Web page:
While federal support for new technology and infrastructure would be helpful, there is another approach that can also be effective. We should focus on modernizing our state and local energy systems. By modernizing the energy system we can reduce the costs and environmental impact of our energy use.
How do multiple stakeholders compromise their competing needs and develop a global coordinated strategy that is politically palatable, possible and comprehensive enough to have an impact? Students from universities all over the U.S. Northeast gathered at Columbia for the 2017 NASPAA-Batten Student Simulation Competition that challenged students to do just this.
After helping Chris an Dan with soil salinity and reflectance measurement, Humayun, Liz and I moved onto the smaller M.B. Mewl to sail through the Sundarban Mangrove Forest to service our GPS station at Hiron Point.
Humayun, Liz and I headed to Khulna in SW Bangladesh a day after Chris and Dan. Along the way, we stopped at our sediment compaction meter for surveying and removing the GPS, and getting feasted by the family that hosts the system.
Across the nation, abandoned mine sites continue to pollute the environment for decades as acid mine drainage flows into rivers and streams. A 1980 law was supposed to fix that, but lack of funding and enforcement have left the public stuck with the bill.
While many people around the world are concerned about President-elect Trump’s threat to withdraw from the Paris climate accord, I am far more concerned about the possible signal to American corporations and jurisdictions that enforcement of our air, water, and toxic rules would be relaxed under EPA’s new administrator.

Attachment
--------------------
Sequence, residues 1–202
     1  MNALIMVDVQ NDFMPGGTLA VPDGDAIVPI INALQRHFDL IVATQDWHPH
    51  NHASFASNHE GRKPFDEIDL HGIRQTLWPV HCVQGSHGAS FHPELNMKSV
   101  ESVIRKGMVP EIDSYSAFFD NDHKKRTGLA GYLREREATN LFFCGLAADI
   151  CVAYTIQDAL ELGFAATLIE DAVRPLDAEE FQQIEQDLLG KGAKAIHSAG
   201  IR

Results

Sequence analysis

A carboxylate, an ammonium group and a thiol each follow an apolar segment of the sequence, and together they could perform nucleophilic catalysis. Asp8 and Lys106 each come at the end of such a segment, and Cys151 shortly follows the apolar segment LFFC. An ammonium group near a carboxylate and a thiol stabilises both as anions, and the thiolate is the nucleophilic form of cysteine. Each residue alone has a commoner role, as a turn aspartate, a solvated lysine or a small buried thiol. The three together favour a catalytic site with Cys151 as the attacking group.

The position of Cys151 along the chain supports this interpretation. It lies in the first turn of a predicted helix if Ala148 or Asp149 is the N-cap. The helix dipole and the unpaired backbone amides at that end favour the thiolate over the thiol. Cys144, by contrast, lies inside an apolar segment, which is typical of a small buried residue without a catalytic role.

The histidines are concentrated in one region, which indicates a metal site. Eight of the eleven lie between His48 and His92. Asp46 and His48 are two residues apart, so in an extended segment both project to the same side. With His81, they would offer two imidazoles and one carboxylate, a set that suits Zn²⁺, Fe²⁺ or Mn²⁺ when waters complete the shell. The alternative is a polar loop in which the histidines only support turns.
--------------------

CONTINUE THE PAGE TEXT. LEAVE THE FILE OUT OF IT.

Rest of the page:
If you had the experience of hearing Leon Billings teach and tell stories, it is hard to believe his voice is no longer with us. He was a great American and an important figure in American environmental history.
In northern Alaska’s Brooks Range, the earth as most of us know it comes to an end. The northern tree line-a boundary that circles all of earth’s northern landmasses for more than 8,300 miles, and forms the planet’s biggest ecological transition zone–runs through here. Scientists from Columbia University’s Lamont-Doherty Earth Observatory are studying how climate may change it, and the tundra beyond.
As we face a Donald Trump administration, we must reflect on the development of environmental policy and politics of the past. Despite the skepticism that President-elect Trump could halt progress on sustainability efforts such as research and development for renewable energy, it seems that the average person values a clean and safe environment. Donald Trump is anything but predictable, and we should maintain hope that we can continue to make a case for sustainability and pursue progress in our country and around the world.